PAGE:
To see all the qoutes on my list goto the post titled Qoutable Qoutes.

Wednesday, September 07, 2005

Just War?? ? ? ? ? ? ?

Once I was a soldier. Once I believed if the reason is just and it is done properly it can be right to go to war. What about today?

First let me get my motivations out in the open. I have been considering re-enlisting in the U.S. Army. Truth be told I love the Army. I enjoy firing big guns, staying out in the middle of nowhere with a few hundred(or thousand) friends, and I really like the less than five minute commute when you live on post. Beyond these reasons I've never had friends so close as those I made in the Army. When I left to go into the Army at the age of 23 I kept NO friends from before the Army outside of family. Today I have been out for almost four years and still keep in touch with Army friends. Some have stopped by on the way to a new duty assignment, I sent my wife to go visit another while they were in Germany, and some just call from time to time. The real reason I want to go back is that I love the "Army life" which includes everything I mentioned and more. When I was in the Army before I believed war was a sometimes necessary evil. I believed as Aristotle,
"We make war that we may live in peace."
Now, I find myself grappling with the issue.


One of many problems I now have is that the early church was completely pacifist. One can see why when considering the words of Jesus.
You know that you have been taught, "An eye for an eye and a tooth for a tooth."39 But I tell you not to try to get even with a person who has done something to you. When someone slaps your right cheek, turn and let that person slap your other cheek.40 If someone sues you for your shirt, give up your coat as well.41 If a soldier forces you to carry his pack one mile, carry it two miles.42 When people ask you for something, give it to them. When they want to borrow money, lend it to them.43 You have heard people say, "Love your neighbors and hate your enemies."44 But I tell you to love your enemies and pray for anyone who mistreats you.45 Then you will be acting like your Father in heaven. He makes the sun rise on both good and bad people. And he sends rain for the ones who do right and for the ones who do wrong.46 If you love only those people who love you, will God reward you for that? Even tax collectors love their friends.47 If you greet only your friends, what's so great about that? Don't even unbelievers do that?48 But you must always act like your Father in heaven.

Matthew 5:38-48 CEV

This of course is spoken toward personal actions and not the actions of nations, so it doesn't offer a definitive answer either. The early church fathers had the luxury of not needing to answer these questions for several reasons. First, they had no influence on the national decision makers of their day. In short they didn't vote so they didn't have to worry about who they would vote for. Second, the nations the early church fathers were living in probably never went to war for reasons that could be remotely considered "just."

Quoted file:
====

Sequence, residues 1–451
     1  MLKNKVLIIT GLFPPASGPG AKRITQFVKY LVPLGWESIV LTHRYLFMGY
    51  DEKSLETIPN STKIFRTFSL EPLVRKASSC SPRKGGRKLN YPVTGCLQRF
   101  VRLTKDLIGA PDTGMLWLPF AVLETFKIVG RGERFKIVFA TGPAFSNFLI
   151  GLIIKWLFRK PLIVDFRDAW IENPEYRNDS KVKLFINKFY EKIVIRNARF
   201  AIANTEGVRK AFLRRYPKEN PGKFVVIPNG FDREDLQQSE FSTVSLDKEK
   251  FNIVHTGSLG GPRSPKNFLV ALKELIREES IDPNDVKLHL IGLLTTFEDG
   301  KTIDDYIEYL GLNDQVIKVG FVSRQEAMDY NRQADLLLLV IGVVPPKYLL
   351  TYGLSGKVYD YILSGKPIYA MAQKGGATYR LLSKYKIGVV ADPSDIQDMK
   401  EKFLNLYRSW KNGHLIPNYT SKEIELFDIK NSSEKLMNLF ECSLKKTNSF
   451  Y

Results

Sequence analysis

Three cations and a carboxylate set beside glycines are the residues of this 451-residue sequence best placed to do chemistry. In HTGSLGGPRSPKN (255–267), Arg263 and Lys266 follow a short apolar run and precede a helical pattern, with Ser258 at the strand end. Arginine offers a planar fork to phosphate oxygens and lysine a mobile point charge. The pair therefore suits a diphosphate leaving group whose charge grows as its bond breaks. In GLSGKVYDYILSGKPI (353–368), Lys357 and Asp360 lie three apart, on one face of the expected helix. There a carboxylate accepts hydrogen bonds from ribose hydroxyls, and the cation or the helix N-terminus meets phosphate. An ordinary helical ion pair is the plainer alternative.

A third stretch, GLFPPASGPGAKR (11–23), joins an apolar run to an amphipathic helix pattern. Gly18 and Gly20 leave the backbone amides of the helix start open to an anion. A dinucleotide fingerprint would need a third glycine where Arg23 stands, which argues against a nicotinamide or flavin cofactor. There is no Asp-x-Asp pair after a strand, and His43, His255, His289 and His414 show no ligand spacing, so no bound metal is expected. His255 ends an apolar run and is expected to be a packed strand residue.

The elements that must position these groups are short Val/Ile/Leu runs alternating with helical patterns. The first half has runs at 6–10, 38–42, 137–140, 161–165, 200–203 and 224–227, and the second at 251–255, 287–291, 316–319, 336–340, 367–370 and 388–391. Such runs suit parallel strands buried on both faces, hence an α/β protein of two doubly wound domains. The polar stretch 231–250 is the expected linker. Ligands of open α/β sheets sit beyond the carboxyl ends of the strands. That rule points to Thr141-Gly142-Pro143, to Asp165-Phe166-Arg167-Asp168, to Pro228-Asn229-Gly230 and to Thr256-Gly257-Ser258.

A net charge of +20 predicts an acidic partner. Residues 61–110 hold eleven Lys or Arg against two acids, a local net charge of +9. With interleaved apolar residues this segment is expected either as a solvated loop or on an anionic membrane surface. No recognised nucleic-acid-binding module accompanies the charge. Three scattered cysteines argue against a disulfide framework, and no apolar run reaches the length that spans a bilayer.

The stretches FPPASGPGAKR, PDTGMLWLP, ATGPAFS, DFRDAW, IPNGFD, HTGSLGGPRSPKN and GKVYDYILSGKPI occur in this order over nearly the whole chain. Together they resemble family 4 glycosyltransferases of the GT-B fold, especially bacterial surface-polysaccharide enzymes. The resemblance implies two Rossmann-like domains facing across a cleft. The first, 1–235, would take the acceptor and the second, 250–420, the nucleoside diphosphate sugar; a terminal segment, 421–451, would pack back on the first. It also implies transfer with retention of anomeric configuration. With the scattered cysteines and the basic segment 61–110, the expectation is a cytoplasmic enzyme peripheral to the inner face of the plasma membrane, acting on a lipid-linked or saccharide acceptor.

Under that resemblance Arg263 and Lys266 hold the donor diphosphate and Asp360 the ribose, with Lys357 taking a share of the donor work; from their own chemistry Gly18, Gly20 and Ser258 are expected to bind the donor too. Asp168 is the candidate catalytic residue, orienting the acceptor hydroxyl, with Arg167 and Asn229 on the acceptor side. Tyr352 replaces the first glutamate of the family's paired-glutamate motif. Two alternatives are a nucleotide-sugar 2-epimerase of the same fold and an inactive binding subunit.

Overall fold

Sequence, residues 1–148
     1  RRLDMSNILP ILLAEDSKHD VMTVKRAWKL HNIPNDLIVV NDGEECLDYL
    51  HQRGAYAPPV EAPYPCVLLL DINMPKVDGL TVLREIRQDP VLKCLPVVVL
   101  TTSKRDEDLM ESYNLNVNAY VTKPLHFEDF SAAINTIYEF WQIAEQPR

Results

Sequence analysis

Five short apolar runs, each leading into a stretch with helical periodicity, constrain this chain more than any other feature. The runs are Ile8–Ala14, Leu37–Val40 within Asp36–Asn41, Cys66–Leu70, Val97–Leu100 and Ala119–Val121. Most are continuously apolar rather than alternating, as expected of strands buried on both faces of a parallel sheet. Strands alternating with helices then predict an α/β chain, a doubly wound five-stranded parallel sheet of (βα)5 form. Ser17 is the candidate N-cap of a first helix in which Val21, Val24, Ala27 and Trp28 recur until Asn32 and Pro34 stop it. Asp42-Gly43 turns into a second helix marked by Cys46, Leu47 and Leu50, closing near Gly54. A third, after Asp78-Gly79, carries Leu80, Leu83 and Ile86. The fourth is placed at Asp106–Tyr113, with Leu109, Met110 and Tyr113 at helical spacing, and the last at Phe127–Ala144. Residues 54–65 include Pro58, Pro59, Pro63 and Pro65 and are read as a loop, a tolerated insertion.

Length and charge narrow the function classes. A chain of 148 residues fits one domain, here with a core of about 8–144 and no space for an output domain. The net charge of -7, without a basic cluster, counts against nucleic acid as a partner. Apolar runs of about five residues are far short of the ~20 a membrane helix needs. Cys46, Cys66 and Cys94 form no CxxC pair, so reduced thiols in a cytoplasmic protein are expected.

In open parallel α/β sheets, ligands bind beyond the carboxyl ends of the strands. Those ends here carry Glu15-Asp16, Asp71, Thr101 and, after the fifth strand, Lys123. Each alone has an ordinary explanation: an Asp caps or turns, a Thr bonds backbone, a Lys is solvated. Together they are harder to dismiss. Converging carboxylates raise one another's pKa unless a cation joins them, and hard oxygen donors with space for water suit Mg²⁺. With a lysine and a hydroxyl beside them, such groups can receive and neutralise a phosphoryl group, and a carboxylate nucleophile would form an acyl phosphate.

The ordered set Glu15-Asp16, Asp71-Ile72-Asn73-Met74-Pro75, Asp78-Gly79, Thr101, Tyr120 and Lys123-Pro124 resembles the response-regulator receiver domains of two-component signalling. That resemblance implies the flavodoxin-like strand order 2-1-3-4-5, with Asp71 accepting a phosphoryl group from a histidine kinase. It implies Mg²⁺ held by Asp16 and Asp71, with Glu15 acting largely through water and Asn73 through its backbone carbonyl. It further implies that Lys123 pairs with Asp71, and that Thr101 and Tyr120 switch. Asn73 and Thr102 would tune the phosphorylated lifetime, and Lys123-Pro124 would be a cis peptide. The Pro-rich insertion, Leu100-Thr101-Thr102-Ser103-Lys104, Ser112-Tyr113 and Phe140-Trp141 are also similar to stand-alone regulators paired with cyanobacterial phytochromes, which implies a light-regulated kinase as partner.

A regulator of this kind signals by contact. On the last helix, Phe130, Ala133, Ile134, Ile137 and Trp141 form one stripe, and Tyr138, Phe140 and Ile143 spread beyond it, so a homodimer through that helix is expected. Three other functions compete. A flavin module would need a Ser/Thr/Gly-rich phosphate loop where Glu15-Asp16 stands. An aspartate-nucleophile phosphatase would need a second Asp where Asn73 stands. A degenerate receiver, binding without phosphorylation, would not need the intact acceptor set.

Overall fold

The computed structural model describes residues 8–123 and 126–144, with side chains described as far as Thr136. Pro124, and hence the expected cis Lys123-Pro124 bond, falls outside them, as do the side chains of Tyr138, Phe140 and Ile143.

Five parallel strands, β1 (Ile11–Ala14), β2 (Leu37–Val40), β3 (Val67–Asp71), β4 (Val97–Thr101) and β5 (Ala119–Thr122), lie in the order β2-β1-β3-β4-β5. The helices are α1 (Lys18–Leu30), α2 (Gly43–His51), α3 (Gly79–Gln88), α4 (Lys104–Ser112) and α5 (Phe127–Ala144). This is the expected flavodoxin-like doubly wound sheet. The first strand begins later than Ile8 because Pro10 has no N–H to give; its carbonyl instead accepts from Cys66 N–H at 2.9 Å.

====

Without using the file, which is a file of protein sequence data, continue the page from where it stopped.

1. If we take the previously mentioned scripture to mean that there is no such thing as a just war then we must come to grips with believing that we should stand by and let a dictator like Hitler kill millions.

2. If we allow for just war we must have some idea of what criteria we will use to decide what reason are just reasons for going to war.

3. If we allow for just war are soldiers responsible for the bad decisions of their leaders? For example if you join the military of a good nation and during your service the nation's leaders decide to go to war, but the soldier believes the war to be unjust what are the moral responsibilities of that soldier? This is easy to answer when the injustices of the nation are extreme, but what if they aren't?

Many of these issues may relate to current events, but it is not my intention to deal with these events specifically. Any thoughts anyone?


Blogger Flip said...

Great post - #2 - If we allow for just war we must have some idea of what criteria we will use to decide what reason are just reasons for going to war -

I agree with this statement but also see how easy it would be to argue what criteria should be applied for a "just war". I'm not sure if any nation is capable of coming up with the perfect criteria NOR could they be perfect at following it.

As for soldiers and whether or not they should blindly follow orders - if they feel a war is unjust - that's hard. My gut feeling is that soldiers should not throw their personal beliefs and morals out the window. If they are truly convicted and feel a war is unjust and therefore cannot comply with orders - then they should not follow orders. Since they DID joing the military - they will have to face the consequences of not following orders. Does this make sense? Or did I just ramble? I could never join the military because of that very reason (following or not following orders).

7:21 PM  
Blogger Scott said...

Thanks Flip

I agree that a soldier shouldn't just drop personal moral beliefs to follow orders. I also see how it would be impossible to effectively operate any military if the soldiers simply decided not to participate any time a military action didn't seemed justified to them. I guess the line is hard to draw, and in the end can only be drawn by the individual soldier. That line is probably crossed when the soldier becomes morally incensed to the point that the repercussions for disobedience are preferable to continuing in the immoral act.

3:17 AM  

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